SAN SALVADOR (Reuters) - The United Nations said on Thursday it will send a delegation to El Salvador within days as a first step toward supporting a newly unveiled national commission to combat corruption in the Central American country.
Salvadoran Vice President Felix Ulloa welcomed the move, which was announced after he met with U.N. Secretary General Antonio Guterres in New York on Thursday.
“An important ally has joined the fight against corruption and impunity,” Ulloa posted on his official Twitter account.
The new International Commission Against Impunity in El Salvador (CICIES) was launched by President Nayib Bukele last week, taking inspiration from a U.N.-backed body that toppled the previous president of neighboring Guatemala.
Bukele said the new body, which also has the backing of the Organization of American States (OAS), will begin by investigating 105 government offices before seeking additional agreements with the country’s attorney general, the Supreme Court and Congress to expand its powers.
Bukele’s February election victory ended three decades of an electoral system dominated by a two party duopoly and was marked by the outsider’s calls to wipe out entrenched graft in the poor, violent country.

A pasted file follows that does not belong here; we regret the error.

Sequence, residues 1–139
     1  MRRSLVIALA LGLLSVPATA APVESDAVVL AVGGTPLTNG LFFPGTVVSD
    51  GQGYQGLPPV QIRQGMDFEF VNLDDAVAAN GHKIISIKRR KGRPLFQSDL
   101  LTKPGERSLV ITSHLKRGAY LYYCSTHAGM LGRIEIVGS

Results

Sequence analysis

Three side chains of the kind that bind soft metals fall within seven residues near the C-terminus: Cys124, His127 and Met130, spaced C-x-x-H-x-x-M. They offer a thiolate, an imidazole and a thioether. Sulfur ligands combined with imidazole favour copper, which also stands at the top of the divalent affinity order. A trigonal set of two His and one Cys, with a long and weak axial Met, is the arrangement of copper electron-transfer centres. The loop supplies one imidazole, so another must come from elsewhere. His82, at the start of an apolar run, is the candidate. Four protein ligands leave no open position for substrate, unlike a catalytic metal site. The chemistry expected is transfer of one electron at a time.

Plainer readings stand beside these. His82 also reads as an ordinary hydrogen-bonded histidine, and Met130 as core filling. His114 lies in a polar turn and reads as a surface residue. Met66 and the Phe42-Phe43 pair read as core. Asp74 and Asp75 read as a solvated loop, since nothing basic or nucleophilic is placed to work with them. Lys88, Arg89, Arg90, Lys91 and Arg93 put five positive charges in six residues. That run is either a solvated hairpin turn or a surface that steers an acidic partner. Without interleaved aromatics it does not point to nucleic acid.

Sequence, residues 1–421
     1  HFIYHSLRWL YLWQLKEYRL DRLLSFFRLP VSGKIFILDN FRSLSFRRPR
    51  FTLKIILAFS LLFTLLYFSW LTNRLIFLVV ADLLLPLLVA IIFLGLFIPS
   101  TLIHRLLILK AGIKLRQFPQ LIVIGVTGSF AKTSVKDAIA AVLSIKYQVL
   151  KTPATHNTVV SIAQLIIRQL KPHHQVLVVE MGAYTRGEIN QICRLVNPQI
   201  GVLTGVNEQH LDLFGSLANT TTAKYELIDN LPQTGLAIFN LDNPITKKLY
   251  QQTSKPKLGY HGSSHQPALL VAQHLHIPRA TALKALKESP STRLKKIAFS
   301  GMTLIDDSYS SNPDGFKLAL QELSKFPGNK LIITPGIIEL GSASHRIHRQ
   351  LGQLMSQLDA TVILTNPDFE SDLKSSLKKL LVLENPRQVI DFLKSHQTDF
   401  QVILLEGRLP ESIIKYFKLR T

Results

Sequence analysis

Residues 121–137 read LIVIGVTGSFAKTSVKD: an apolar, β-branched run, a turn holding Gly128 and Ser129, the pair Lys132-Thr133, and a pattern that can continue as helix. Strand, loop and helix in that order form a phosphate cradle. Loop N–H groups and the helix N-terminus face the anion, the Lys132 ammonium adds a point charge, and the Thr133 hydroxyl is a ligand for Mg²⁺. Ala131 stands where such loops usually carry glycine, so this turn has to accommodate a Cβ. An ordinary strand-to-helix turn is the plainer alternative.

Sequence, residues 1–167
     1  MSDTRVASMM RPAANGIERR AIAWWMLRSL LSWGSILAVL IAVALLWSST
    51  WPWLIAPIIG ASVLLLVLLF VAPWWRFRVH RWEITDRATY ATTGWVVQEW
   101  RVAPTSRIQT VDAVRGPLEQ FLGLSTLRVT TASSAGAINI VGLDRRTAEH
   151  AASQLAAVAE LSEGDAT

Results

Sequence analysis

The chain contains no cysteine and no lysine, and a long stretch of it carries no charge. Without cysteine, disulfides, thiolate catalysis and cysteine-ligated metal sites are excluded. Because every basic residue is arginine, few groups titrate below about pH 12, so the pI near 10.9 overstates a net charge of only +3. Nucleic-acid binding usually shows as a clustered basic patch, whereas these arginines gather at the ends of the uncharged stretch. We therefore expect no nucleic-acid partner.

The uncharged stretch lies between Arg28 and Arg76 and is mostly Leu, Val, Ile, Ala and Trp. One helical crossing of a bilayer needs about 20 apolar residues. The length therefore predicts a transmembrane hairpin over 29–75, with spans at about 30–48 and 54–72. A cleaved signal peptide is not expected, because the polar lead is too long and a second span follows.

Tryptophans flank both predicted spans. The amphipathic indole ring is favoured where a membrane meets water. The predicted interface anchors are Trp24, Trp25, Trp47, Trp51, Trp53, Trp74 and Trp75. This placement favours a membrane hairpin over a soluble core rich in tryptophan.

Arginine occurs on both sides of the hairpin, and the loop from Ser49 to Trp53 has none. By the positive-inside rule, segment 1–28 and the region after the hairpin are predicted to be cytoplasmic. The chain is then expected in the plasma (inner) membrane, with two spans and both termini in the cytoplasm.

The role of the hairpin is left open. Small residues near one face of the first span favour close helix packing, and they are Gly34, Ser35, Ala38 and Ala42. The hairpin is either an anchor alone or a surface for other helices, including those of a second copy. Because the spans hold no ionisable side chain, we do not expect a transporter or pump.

Anti-corruption activists credit the International Commission Against Impunity in Guatemala, or CICIG, with cleaning up Guatemala’s government, although the group is now being dismantled by outgoing President Jimmy Morales, himself a target of its probes.
The United Nation’s brief statement on Thursday said that an “interdisciplinary technical assessment mission” will be sent to El Salvador in the coming days.
Reporting by Nelson Renteria in San Salvador; Writing by David Alire Garcia; Editing by Jane Wardell
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